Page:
“My friends, I address you all tonight as you truly are: Wizards, mermaids, travelers, adventurers, magicians! Come and dream with me.”
Amidst all the accolades for the admittedly fantastic film The Artist last year – including taking home Best Picture, Director and Actor amongst its five Oscars at the 84th Academy Awards – another film also won five Oscars, albeit less important ones. That film was, of course, Hugo, Martin Scorsese’s fantastic homage to seemingly everything he loves: Charles Dickens; Georges Méliès; the early 30’s Paris; Django Reinhardt; trains; clocks; magicians; the history of film-making; dreams; silent movies; toys; and oh, did I mention Dickens? As I watched the film the first time, I was struck by how much it seemed that the film was adapted from a work by the great master. If memory serves (and good luck with that!), there are references to both A Tale of Two Cities and David Copperfield in the film. But more importantly, the main character, Hugo Cabret, portrayed brilliantly by then 14 year old Asa Butterfield (the main character, Bruno, in The Boy in the Striped Pajamas) is under constant threats & attempts at banishment to The Orphanage from the Station Inspector (Sasha Baron Cohen at his best!), whose partial disability seems a metaphor for his slightly evil spirit. Station Inspector is by no means Madame Defarge, but he is not her husband either.
The film follows a short but very eventful period in Hugo’s life. He is the son in the business Cabret et Fils – Horlogers. His single father is a master clockmaker whose pastime is fixing an automaton – a sort of a clock meets music box meets robot – that he found abandoned in the attic of a museum where he once worked. This particular automaton writes, but it’s in disrepair and, more importantly, requires a heart-shaped key that seems lost to history in order to function. An unfortunate accident takes Hugo’s Dad’s (Jude Law) life early on in the film and he becomes the ward of his lazy, filthy, drunken & abusive Uncle Claude – the minor role is played marvelously by Ray Winston. He moves Hugo in with him to the apartment within the walls of the train station where he is to quit going to school and assist Uncle Claude in the maintenance of the clocks. His life is instantly transformed from a happy child, the curious son & apprentice of a craftsman, to one of misery: He’s always starving & he’s not well-cared for, and has to steal food to vanquish the pangs. But there is one good thing about the new digs: The train station has a toy shop owned & guarded by a late middle-aged, bald gentlemen (stunningly portrayed by Ben Kingsley) who sleeps a lot. This convenience affords Hugo the opportunity to steal parts for the one vestige of his happy life with his father, the automaton, which he is certain will reveal a message from his dead Dad once he gets it working.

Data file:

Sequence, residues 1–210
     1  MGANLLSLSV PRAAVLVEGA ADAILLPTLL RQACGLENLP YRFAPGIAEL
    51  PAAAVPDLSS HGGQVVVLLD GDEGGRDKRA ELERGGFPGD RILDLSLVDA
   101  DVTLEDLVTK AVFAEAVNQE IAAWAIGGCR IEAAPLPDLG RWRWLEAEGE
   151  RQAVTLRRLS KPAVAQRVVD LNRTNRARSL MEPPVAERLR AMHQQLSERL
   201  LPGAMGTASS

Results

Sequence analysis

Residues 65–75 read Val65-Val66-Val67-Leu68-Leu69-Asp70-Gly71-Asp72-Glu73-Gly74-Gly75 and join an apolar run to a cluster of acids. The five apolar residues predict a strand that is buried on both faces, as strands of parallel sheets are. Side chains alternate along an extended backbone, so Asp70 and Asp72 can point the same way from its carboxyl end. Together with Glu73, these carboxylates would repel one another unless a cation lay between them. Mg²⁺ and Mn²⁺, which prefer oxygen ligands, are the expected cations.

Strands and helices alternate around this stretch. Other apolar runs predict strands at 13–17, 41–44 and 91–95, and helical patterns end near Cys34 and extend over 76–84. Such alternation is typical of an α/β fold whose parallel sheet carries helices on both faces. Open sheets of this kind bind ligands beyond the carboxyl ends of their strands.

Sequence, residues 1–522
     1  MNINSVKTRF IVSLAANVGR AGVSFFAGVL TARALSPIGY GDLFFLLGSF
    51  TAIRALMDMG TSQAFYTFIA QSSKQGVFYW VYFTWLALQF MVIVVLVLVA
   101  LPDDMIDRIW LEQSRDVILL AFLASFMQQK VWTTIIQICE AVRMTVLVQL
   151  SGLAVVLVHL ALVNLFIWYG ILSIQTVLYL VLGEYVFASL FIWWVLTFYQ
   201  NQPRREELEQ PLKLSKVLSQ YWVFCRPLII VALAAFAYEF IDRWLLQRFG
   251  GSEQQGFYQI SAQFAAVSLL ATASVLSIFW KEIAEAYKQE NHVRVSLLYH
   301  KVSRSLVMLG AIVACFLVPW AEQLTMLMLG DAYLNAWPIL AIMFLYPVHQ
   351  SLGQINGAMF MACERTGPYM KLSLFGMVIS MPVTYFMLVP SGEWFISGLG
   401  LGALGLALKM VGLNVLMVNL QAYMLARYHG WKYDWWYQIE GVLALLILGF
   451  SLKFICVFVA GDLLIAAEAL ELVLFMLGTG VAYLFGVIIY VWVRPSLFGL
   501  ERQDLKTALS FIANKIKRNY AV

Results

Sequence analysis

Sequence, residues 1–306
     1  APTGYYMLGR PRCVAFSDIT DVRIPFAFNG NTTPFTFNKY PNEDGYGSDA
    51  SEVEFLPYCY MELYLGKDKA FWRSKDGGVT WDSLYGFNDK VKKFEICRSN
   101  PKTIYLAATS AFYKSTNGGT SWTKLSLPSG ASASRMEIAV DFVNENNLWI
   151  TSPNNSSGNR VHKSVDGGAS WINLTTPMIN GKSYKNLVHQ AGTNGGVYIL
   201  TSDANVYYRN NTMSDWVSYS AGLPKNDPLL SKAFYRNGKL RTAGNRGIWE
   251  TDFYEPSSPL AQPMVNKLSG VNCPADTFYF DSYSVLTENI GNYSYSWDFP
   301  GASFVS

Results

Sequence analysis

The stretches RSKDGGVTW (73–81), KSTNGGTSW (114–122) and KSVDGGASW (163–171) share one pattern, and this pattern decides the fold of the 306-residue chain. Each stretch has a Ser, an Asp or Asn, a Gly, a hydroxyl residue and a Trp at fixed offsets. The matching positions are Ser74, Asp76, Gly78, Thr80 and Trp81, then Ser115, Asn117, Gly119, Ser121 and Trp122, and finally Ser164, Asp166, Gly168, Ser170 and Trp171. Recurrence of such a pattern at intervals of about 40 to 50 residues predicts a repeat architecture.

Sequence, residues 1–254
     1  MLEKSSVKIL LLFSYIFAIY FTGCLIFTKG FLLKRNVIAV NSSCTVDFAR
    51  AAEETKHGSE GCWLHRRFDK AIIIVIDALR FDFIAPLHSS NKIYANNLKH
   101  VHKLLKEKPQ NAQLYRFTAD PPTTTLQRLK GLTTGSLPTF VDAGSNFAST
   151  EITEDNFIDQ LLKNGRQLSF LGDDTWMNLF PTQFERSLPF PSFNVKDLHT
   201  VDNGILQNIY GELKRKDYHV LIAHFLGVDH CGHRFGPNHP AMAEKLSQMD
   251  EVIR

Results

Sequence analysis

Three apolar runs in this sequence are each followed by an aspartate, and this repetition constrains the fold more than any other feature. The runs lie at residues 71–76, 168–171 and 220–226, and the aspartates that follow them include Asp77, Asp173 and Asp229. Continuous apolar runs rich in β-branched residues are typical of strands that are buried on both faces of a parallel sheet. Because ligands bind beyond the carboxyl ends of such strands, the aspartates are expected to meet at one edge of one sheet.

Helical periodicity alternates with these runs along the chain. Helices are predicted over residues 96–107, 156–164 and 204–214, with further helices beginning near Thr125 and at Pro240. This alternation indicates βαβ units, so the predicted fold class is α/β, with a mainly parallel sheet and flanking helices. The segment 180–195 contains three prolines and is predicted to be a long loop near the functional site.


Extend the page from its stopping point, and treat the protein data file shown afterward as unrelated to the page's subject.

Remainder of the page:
Hugo’s puppy love interest, albeit so innocent that they are more brother & sister, is the toy store owner’s god-daughter, Isabelle. Isabelle, whose parent are also deceased, is played by Chloë Grace Moretz. Chloë’s characterization is wonderful: She’s exuberant & her eyes are wide open to all the different adventures that happen to her as a result of meeting her new friend Hugo. To Isabelle, life is an adventure. When Hugo takes her to a movie – they sneak in and Isabelle declares that “They could get into trouble”, to which Hugo replies “That’s how you know it’s an adventure” – their friendship is sealed. Papa Georges & his wife Mama Jeanne had always strictly forbade her from ever seeing a movie, but Hugo takes care of that. Once he has a true friend, Hugo is free to “find his way”.
This is the first non-documentary feature film which didn’t star Leonardo DiCaprio that Scorsese has made in 12 years . And his first in 18 years that was Rated PG. Although he was Nominated for the Best Director Oscar four times, and Best Picture and Adapted Screenplay once each, he has only won a single Academy Award: Best Director for The Departed in 2007 at the 79th Academy Awards. Kingsley is a four-time nominee & won the Best Actor Oscar in ’83 for Ghandi at the 55th Awards ceremony. The Adapted Screenplay is fantastic & John Logan received his only such Nomination for it, although he was also nominated for Original Screenplay for both Gladiator & Scorsese’s The Aviator.
There are just too many incredible performance, too much brilliant history, too many clips of silent masterpieces, too many scholarly references – too much of everything, which is just enough!! – to get to them all. But suffice it to say that this was the best film from all of the last Oscar year in my opinion – and what it year it was for films!! I think with time, the novelty will wear off along with some of the luster for the (and I reiterate, great piece) The Artist, and Hugo will be remembered more fondly in years to come. You love them both if you’ve seen them both. If you haven’t & you have just $1, however, and there’s a Red Box nearby and you go – Hugo!!!